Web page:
Doctor Alexander Currie: University administrator who fought elitism and encouraged entry from broader sectors of society


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The Independent Online

The 2014 rating accorded to the University of Edinburgh by the respected publisher QS as 17th equal in the world owes much to the solid foundations laid by Sir Hugh Robson, Sir John Barnett and Sir David Smith, successive vice-chancellors who were superbly supported by Alexander Currie in his pivotal role as University Secretary. To my first-hand knowledge as a local MP, Currie was hands-on in guiding the University during the years from 1978-89, a difficult decade for all universities.

Sir David Smith recalled to me, "the final three years of his time as Secretary coincided with the unexpected onset of a severe financial crisis. That senior administrative staff had sufficiently high morale and spirit of co-operation to enable the university to survive the crisis and carry out a radical reorganisation owes much to how well Alec's leadership had built up a sense of teamwork in the preceding years."

Currie was part of the postwar drive to increase student numbers and encourage entry from broader sectors of society. Early in his career he was in the vanguard of developing a centralised and streamlined admissions process. This transparent system – now UCAS – in which students choose universities by completing a simple form is taken for granted. However each university used to jealously guard its processes, producing a complex and bewildering landscape which discouraged many young people and tended to foster elitism. Thousands owe a small debt of gratitude to Currie for championing this important and hard-won democratising innovation.

Currie left Stevenston High School in Ayrshire at 14 to accompany his father, a chemist who worked in ICI's Nobel division at Ardeer, to go to Penrhyndeudraeth in North Wales, to where he had been seconded to take over Cooke's Explosives, which had been absorbed into ICI.

From Porthmadog Grammar School he went to Bangor University for two weeks – and was then called up to serve on the 35,000-ton battleship King George V. Trained in codes, he served in the North Atlantic, and then in the Mediterranean, on HMS Boxer. "I became a man in the seas around Malta," he recalled.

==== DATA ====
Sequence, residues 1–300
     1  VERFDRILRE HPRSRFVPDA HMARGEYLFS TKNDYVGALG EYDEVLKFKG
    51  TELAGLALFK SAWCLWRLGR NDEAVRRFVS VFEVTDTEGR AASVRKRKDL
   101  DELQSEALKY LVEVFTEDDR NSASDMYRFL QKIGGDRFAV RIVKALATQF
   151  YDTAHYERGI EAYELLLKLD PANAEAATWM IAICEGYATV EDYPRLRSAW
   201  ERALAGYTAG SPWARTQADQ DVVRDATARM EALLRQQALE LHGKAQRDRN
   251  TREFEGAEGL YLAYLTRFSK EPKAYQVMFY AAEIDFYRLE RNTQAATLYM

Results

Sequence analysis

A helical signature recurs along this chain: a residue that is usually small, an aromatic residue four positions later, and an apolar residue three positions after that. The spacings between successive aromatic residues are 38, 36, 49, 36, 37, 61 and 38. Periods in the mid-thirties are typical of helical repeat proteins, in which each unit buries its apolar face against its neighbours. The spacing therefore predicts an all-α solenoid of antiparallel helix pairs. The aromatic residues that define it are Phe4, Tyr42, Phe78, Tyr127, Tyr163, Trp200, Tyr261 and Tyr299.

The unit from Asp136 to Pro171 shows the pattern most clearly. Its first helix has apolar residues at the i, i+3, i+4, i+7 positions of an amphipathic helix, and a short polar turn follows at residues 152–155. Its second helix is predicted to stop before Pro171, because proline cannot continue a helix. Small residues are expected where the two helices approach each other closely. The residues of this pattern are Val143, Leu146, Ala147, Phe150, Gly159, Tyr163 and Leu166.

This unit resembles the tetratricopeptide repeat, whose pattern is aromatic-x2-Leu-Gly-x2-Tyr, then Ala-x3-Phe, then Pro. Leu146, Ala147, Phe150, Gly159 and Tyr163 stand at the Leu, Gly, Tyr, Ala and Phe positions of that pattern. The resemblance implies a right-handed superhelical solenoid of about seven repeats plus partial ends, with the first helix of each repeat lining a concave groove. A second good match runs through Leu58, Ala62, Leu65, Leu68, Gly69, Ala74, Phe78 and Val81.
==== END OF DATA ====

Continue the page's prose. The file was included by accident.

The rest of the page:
Returning to Bangor in 1948, he achieved first class honours in English Literature in two years, and in 1950 he went to St Catherine's College, Oxford, to do a B Litt supervised by Hugh Trevor Roper on the 1890s poet John Davidson – whose poem "In Romney Marsh" was read at his funeral by Pamela, his ever-supportive wife of 57 years, in Greyfriars Kirk, Edinburgh, on 1 September 2014.

He applied successfully for a junior appointment at Manchester University, under that doyen of university administrators, Vincent Knowles, who made Manchester a breeding ground for many future leading university administrators. It was the entrée to more senior posts at Liverpool, and then Sheffield University, working directly to Sir Hugh Robson.

Herbert Burchnall, the long-term and heavyweight University secretary at Liverpool, and Currie's lifelong mentor and friend, told me, "Currie was here between 1962 and 1965, and was too good to remain in a No 2 position. We were delighted that he got the No 1 job at Sheffield, where he helped to build the great University which it now is, and where he began to make his serious contribution to the world of university administrators."

Following Robson to Edinburgh, Currie inherited a traditionally pivotal role. The previous vice-chancellor had been (Lord) Michael Swann, Professor of Zoology, who interested himself in the biological sciences, while his predecessor had been the Nobel Prize winner Sir Edward Appleton, who likewise pursued his studies in the physics of the ionosphere.

They had left relations with staff and students to the controversial Secretary Charles Stewart, and Currie's arrival was greeted with relief. Sarah Robson, vice-chancellors' secretary for 30 years, told me, "Currie was kind, considerate and thoughtful – but very much in charge. He forged a good relationship with both staff and students." The historian Owen Dudley Edwards, Reader in Commonwealth and American History at the University, concurred, saying of Currie, "He brought humanity to the running of the university."

In 1989 Currie was awarded Sweden's Order of the Polar Star (first class) in recognition of his work in establishing co-operation between British and Swedish universities, and he received two honorary degrees, from the universities of Sheffield and Edinburgh.

Alexander Monteith Currie, university administrator: born Stevenston, Ayrshire 2 May 1926; OBE; Order of the Polar Star; married 1957 Pamela Breeze (two sons); died Edinburgh 24 August 2014.